This old neon sign for a pharmacy is at Kosciuszko Street & Broadway in Bedford-Stuyvesant, Brooklyn.
Looks like this one could be reconditioned with tlc and restarted. Location: Franklin & Putnam Avenues, Bedford-Stuyvesant, Brooklyn.
Buckley’s Self Service Markets sports a fantastic enamel sign on Nassau & Kingsland Avenues in Greenpoint, Brooklyn.
Advanced age has almost got the best of this antique sign on Lenox Avenue, near West 138th Street. You can still discern that the concern was on 8th Avenue.
There are many old dilapidated liquor signs around NYC. This one at 124th Street & Lenox Avenue is still holding on.
Another neon liquor store sign survives here at Market & Madison Streets in LES (Lower East Side), Manhattan.
A plumbing and heating supply company left its trace here on Bedford Avenue, near Lafayette Avenue in Bed-Stuy, Brooklyn. If you drive along Bedford Avenue, you’ll never see it because it will be behind you.
I originally thought this cabinet maker was defunct until I passed by last week and saw activity in the yards with trucks, forklifts, etc. Cooper Avenue near Wycoff Avenue in Bushwick, Brooklyn.
I was going to work one cold day last year when I exited the A train at 207th Street station. The first thing I smelled was smoke. When I got to the street level, the NYFD was wrapping things up after a devastating fire at 207th & Broadway that destroyed several businsses including a branch of Citibank. After demolition of the heavily damaged buildings, a trace of an old painted sign appeared. I came back later to do these two shots because I didn’t have my camera that day.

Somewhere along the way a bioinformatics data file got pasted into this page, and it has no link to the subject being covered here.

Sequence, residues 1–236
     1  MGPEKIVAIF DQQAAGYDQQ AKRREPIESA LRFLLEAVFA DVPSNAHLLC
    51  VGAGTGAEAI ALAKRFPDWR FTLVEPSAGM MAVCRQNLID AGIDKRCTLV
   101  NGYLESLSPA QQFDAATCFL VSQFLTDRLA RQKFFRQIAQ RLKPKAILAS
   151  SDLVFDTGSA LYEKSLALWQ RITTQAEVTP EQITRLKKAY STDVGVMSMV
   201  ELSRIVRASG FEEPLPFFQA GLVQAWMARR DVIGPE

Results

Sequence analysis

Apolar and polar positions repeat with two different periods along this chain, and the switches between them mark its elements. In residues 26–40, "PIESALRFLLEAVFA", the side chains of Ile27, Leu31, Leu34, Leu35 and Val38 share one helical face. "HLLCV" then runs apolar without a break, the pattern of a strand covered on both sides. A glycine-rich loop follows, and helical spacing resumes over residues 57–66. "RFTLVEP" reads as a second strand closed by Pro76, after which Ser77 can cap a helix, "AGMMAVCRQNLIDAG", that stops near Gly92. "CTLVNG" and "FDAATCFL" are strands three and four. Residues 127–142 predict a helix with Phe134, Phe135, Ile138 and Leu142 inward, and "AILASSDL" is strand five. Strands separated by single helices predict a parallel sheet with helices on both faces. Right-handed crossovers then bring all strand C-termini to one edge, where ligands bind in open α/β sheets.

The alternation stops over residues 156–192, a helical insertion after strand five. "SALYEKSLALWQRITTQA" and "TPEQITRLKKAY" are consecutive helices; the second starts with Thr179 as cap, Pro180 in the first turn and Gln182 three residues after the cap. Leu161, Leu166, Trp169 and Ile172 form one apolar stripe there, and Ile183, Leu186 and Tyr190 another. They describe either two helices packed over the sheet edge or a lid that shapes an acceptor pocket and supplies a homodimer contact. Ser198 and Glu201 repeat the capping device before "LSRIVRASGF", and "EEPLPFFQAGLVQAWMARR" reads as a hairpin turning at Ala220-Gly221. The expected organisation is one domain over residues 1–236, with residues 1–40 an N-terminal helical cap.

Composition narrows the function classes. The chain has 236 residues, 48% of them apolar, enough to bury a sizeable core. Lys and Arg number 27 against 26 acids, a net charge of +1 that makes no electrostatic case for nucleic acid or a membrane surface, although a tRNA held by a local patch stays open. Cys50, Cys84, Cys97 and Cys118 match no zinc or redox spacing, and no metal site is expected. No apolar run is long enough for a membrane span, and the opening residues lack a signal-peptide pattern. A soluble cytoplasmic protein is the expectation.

I saw this while driving eastbound on 125th Street between Broadway and Amsterdam Avenue. The current business’s sign almost made the older enamel sign disappear due to its placement.
This sign represents something from the past – vinyl records. Although vinyl has made somewhat of a comeback, they’re still viewed as relics, as other modes of recorded music have taken its place. Disco-Mat was located on the south side of West 34th Street, just east of 7th Avenue. I should know. I dropped many dollars in that store during the late 1960s and early 1970s.
One liquor sign on top of another can be seen here in the bus stop for the eastbound B45 bus at the SW corner of Nostrand Avenue & St. John’s Place in Crown Heights, Brooklyn.
The Salvation Army has left its trace on a building on Cypress Hills Street, near Fresh Pond Road in Ridgewood, Queens.
Time as well as sunlight has almost erased this sign on the east side of Flatbush Avenue, near Linden Boulevard in Flatbush, Brooklyn.
This Burlington Coat Factory location was heavily damaged on September 11, 2001. It was so damaged that the suits at Burlington decided to shutter it permanently. The site was chosen to be the location for a mosque. There was so much controvery about that decision that the NYPD had to be stationed there 24/7.